As the writer wraps us this thought this is where he leaves his readers. We are one in Christ who is our head, and we as the body do the work that Christ calls us to do. This is a common metaphor, that is the body of Christ, used in Pauline and Deutero-Pauline texts.The body of Christ represents for us the way we function as the church. The fact that the church is one, connected to Christ, and is two working towards the goal set forth by Christ. We act in this manner of being knit together as a form of unity. To be part of the greater body of the church means that we are attached to one another through the Spirit and we must live that way.
The best part about this unity is that the scripture writer knows that there is no way that within this community we are the same. Writing, “The gifts he gave were that some would be apostles, some prophets, some evangelists, some pastors, and teachers,…” (Eph. 4:11). When we acknowledge that we are called differently, that we think differently, that we are different people we can come into community recognizing the role we each play. I am not the same as any of you, my beliefs are probably different from most of you, and I am sure within this community we probably have a bit of diversity in thought and even gifts. However, the writer notes that the nature of the church remains the same. “…to equip the saints for the work of ministry, for building up the body of Christ,…” (Eph. 4:12)
This is because unity is more than trying to force people to be exactly like you. It is more than impressing your beliefs on someone, but that unity, in the eyes of Christ, is about building up the body of Christ. When we bicker, argue, and tear others down, whether part of the body or not we are not doing justice to the body of Christ. What is supposed to be the best part of the church is we are supposed to be a harbor for all people, that people can come and be a part of the body and feel the love that God has for them.
This is where we pick up that second piece we look at today as the “communion of saints.” When the writer of Ephesians writes, “…to equip the saints for the work of ministry,…” (Eph. 4:12a) he does use that term saints intentionally. The greek word here being hagion, coming from the root hagios meaning holy or sacred (https://thebible.org/gt/index). That means that these people are special people, and isn’t that what we are when we are people of God, holy and sacred? In the early church, and for the most part in our church today, saints are often viewed as people who have died, but also anyone who lays claim to the faith. Therefore, this communion of saints takes place in the manner in which we know that we are part of this greater body. To believe, not only in the holy catholic church, but also the communion of saints is a confession that you are not on this journey alone, nor are you the first person to travel this road. We receive strength from those who have gone before and those who journey alongside of us.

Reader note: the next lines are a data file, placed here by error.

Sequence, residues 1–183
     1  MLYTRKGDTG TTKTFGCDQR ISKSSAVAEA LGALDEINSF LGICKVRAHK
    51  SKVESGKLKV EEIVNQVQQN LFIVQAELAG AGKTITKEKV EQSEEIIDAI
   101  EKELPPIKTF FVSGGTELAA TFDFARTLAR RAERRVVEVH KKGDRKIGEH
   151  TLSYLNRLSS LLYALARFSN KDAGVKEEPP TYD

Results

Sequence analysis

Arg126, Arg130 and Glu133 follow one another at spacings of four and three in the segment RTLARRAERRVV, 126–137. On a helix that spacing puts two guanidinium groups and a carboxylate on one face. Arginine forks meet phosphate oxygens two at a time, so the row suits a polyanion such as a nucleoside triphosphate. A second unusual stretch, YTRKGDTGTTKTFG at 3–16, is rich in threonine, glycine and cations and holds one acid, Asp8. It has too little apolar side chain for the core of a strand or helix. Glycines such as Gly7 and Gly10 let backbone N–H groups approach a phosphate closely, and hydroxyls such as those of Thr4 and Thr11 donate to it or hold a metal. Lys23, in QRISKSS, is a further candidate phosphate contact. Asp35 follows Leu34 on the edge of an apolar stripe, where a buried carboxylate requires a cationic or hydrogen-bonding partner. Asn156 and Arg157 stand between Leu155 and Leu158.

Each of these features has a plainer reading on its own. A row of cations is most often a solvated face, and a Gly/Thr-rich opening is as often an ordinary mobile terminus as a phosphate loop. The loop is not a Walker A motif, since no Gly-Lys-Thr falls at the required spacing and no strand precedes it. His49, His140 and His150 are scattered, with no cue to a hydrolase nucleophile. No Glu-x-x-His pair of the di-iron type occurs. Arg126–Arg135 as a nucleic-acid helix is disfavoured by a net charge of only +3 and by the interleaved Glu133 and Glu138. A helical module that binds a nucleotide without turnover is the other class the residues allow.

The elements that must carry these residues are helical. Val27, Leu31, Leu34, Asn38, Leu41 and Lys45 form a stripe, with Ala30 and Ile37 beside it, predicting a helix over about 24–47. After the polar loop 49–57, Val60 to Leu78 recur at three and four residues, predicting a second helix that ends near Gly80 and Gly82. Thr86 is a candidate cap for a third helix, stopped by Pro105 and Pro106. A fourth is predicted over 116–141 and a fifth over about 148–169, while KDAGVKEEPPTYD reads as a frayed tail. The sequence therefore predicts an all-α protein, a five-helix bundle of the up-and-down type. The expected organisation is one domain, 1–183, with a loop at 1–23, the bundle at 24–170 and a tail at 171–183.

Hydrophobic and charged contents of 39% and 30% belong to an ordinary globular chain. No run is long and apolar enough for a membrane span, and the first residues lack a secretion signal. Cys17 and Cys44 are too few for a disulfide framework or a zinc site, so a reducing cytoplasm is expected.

We are reminded constantly of our necessity for the community. We are called to come together and worship, serve, study, pray, and numerous other things. We do this, because Christ tells us to, but deeper than that because Christ knows that we are stronger as a community.
I know that we are different. I know we may all have vastly different beliefs, but we can’t let that get in the way of being the body of Christ and sharing Christ with the world. Because when we do that is the greater disappointment.
So how do we do this?
And here is your homework:
We must put aside our pettiness, and we work together for the greater good of the Kingdom of God. It means laying aside those trivial pieces of our humanities and spreading a message of love that is incarnate and lived out in Christ. That is given to us in the work of the Spirit. This is how we equip the saints, this is how we are the body of Christ, this is how we show the world that Christians are not some hypocrite religion that chastises and demonizes those who are not with them. When we truly embody community we recognize that everyone is not only welcome but has life within the body of the community no who they are or even what they believe.